31. 31. f. g. h. The chosen texts should be appropriate for the candidate’s interests. Texts should not be too culturally bound. Students should be tested on topics they have already read. 3. 4. PRINCIPLES FOR ASSESSING WRITING a. Writing tasks should be similar to the types of writing students will do in real-life: - they should specify an audience. they should specify a purpose for writing. they should specify a context. 5. 6. 7. b. c. d. Tasks should test a wide range of functions (describing, comparing, contrasting, expressing opinions, giving reasons, asking for opinions, asking for information, etc). Tasks should test different registers ( formal / informal) Instructions must indicate: - e. the amount of time allowed for writing. the number of words expected. the way the writing will be marked. Instructions must be clear and concise. 8. 9. 10. 11. OBJECTIVES OF ENGLISH IN “LA EDUCACION DIVERSIFICADA” 1. 2. To promote the use of the English language in an environment where the learners feel self-confident to communicate effectively. To promote learners' interest and abilities to apply the English language independently. 12. 13. 34 To propitiate the learners' interests in reading short books, simplified versions, magazines or any other authentic material conducive to a permanent learning and a critical attitude. To motivate the students’ use of the English Language permanently as means of promoting their own cultural and social as well as their communities' welfare. To encourage learners to exchange information (real, emotional and attitudinal) about themselves, their families, their country and the world. To stimulate the learners' capacity to recognize and produce sociolinguistic and cultural features of the English language when using basic communication expressions about daily and general topics. To promote the learners' use of basic grammatical features that will enable them to communicate with others even though the grammatical functions are not correctly or consequently used. To provide learners with a linguistic model which will help them achieve a command of pronunciation and prosodic features. To propitiate in the learner the development of a fluent communication capacity so that the message can be understood by a responsive native speaker. To promote the application of the information gathered through the understanding of messages presented in diverse situations. To stimulate the reading comprehension ability in different authentic texts on daily topics to let the learners find the central idea, details, contextual and textual reference, and help them develop a series of reading abilities and styles. To propitiate the learners' production of written texts about daily and general topics. To promote the learners' capacity to investigate about diverse and specific topics. “RELANZAMIENTO DE LA EDUCACIÓN COSTARRICENSE”
  32. 32. 35 Dear Teachers: The syllabus is a very flexible guide to plan your classroom activities. We have provided you with a new curricular structure in columns to help you choose and organize your teaching practice. However, this is not a recipe to be followed. You are able to choose from other topics, other objectives and procedures according to the topic you are teaching. The topics are broad and you should be able to study the sub-topics that you want. Example: Natural Resources, Wetlands, National Parks, Human Sexual Education, Democracy, Human Rights and some other emergent cross curricular topics. The same happens with the language, functions, values, procedures and evaluation. . They are there as the basics to start teaching. It means that you can add as many language patterns, functions, values, procedures and evaluation activities as you want and according to each group progress. NOTE: Topics to be developed in technical schools. 10° technical schools 11° technical schools ♦ 12° technical schools • “RELANZAMIENTO DE LA EDUCACIÓN COSTARRICENSE”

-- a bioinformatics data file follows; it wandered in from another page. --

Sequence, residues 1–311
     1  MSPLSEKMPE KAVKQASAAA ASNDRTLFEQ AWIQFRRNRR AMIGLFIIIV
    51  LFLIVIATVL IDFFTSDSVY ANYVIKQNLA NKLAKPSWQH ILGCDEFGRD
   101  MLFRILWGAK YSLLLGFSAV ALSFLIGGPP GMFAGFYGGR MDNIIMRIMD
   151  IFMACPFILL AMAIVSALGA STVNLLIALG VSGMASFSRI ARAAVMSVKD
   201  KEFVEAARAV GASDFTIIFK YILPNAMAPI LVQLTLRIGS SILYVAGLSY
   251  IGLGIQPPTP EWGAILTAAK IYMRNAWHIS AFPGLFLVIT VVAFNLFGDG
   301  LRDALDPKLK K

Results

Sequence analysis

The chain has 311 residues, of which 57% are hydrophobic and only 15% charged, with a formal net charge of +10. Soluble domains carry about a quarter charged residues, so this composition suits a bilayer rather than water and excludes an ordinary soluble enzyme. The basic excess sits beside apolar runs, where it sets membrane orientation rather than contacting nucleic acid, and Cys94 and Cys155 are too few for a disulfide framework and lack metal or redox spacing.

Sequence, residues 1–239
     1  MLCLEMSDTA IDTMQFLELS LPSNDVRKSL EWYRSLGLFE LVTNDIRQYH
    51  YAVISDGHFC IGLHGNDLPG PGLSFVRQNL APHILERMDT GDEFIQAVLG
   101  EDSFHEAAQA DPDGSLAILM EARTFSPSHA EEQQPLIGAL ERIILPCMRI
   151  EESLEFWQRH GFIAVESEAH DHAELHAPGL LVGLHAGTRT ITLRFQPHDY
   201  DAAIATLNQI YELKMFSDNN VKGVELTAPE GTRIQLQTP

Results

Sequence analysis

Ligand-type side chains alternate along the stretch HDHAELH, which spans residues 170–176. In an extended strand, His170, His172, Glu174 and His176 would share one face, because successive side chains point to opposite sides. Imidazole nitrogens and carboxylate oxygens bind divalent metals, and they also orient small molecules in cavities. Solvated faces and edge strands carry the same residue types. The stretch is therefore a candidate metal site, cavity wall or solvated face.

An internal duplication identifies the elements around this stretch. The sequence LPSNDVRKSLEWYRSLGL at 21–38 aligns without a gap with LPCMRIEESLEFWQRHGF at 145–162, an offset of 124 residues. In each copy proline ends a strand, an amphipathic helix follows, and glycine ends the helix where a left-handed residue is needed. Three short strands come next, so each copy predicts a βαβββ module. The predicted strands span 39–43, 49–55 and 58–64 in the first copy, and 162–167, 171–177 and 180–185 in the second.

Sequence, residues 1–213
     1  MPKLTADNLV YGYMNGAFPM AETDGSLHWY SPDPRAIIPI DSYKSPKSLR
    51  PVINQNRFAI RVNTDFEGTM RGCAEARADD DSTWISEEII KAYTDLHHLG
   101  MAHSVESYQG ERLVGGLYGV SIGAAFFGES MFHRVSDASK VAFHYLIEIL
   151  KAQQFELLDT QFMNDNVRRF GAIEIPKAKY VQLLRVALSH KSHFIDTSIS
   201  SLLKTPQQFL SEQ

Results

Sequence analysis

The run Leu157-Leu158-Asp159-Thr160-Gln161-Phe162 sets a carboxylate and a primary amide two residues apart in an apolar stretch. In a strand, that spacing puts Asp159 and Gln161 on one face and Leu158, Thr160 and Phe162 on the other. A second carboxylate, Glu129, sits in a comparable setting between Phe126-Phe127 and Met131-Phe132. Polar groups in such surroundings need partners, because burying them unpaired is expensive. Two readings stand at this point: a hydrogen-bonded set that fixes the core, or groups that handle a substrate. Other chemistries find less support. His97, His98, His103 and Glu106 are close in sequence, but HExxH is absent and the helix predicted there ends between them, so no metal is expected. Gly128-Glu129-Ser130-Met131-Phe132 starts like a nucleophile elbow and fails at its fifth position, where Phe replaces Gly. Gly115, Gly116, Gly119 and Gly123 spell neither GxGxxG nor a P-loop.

33. 33. 36 TH INTRODUCTORY UNIT FOR 10 GRADES This is the beginning year of a new cycle within the Educational System. The students are here because they have chosen English as one of the subject matters they want to learn better. It is then, time to devote the lessons to develop the four basic skills more than ever. The students are conscious about the importance of English in their present and future time. The syllabus has provided you with the alternatives to suit the students’ demands on their language learning. Feel satisfied with your work as you see the students progressing in the language. Start this introductory unit by asking them about their needs, expectancies and other related situations. Discuss with them their interest about learning English and the possibilities to use different sources that can be brought by everyone in the class. As in previous levels, a diagnostic test is necessary to be applied to determine the knowledge of the language the students have in order to provide them with the appropriate feedback. It is recommended to reinforce the importance of English in our every day life and especially, the job projection that require proficiency in English. Ask them to bring newspaper ads to the class. List the different professions that demand this requisite. Ask the students to make phone calls to those places to find out the conditions and salaries offered. Then, discuss about the importance of knowing English as language to communicate efficiently. Keep in mind the linguistic competencies or outcomes the students must master by then. Show them where they are and what is expected from them at the end of the level. Motivate them to keep their interest in the language. “RELANZAMIENTO DE LA EDUCACIÓN COSTARRICENSE”